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Monday, 22 August 2011
Page: 8831

Mr HAASE (Durack) (19:31): I rise this evening to make some comment in this debate in relation to the Excise Tariff Amendment (Condensate) Bill 2011 and the cognate bill. Of course, this measure is almost shutting the gate after the horse has bolted. I do accept that the major purpose of this amendment is to dispel any doubt as to the impact of the original measure, which was the removal of an exemption from paying excise on condensate that was won as almost a by-product of the development of the North West Shelf gas fields, specifically the Rankin field.

I am sure you recall, Mr Deputy Speaker, that the North West Shelf gas field was viable only after very long negotiations and strong commitment by the Western Australian government and specifically Sir Charles Court, who negotiated considerations for the Woodside North West Shelf group that allowed such a project to proceed. In the days prior to the commencement of that project, Australia was awash with sceptics—awash with individuals who could come up with every reason for not proceedings with investment in the North West Shelf gas project. The late Sir Charles, to his great credit, had a vision for the development of that petroleum field and could see quite clearly that, so long as the administrative process was put in place that gave some consideration to that project and its investors, it could be a successful project. All went well. I was most fortunate to be a resident of Karratha in those heady years of the commencement of that Woodside project. I saw the changes, so many of them for the greater good of, firstly, the Pilbara community of Dampier and Karratha but, secondly, of Western Australia and the nation as a whole.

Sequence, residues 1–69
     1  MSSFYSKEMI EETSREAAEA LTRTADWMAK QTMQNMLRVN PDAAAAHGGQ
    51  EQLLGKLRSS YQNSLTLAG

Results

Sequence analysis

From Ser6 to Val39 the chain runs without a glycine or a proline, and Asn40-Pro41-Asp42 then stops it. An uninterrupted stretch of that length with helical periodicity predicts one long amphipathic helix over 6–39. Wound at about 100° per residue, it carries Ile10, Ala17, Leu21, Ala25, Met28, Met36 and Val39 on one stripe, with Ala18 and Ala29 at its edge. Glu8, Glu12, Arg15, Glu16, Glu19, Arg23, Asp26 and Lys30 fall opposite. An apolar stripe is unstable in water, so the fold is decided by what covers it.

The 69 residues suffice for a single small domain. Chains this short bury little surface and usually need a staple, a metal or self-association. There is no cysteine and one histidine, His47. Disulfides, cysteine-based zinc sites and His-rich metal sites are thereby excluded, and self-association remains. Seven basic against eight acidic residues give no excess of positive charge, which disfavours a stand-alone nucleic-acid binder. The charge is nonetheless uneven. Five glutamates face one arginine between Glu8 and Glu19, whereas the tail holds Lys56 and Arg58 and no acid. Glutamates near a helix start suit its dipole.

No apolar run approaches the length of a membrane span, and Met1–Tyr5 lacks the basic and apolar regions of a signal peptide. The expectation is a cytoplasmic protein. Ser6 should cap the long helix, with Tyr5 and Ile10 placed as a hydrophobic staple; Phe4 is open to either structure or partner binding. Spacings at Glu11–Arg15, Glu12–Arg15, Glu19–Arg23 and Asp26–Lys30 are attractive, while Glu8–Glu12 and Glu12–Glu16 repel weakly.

Of course, that was a very long time ago. With the emergence of Woodside as a mature, sophisticated, technically competent company and its very large workforce, one Mr Gary Gray emerged as an employee of Woodside. To the great credit of Woodside, they encouraged his challenge to the electorate of Brand, and it is history that his challenge was successful and he was elected as the member for Brand. Everyone in Western Australia was very happy to have as a member of the federal parliament a member who had good sense, excellent knowledge and experience in the oil and gas industry, because we did not have somebody with such qualifications previously. Woodside was very happy; Gary Gray was very happy; the Labor Party of Western Australia was very happy—and then along came the May 2008 budget. Boy, oh, boy, didn't we see some radical change from that point! We saw the new member for Brand absolutely backstabbed and insulted because a pack of greenies headed by Greenpeace decided that the exemption that was being offered to Woodside—which, do not forget, was the very reason that this project was finally financially viable—should not be allowed. This whole strategy was knifed by Treasury.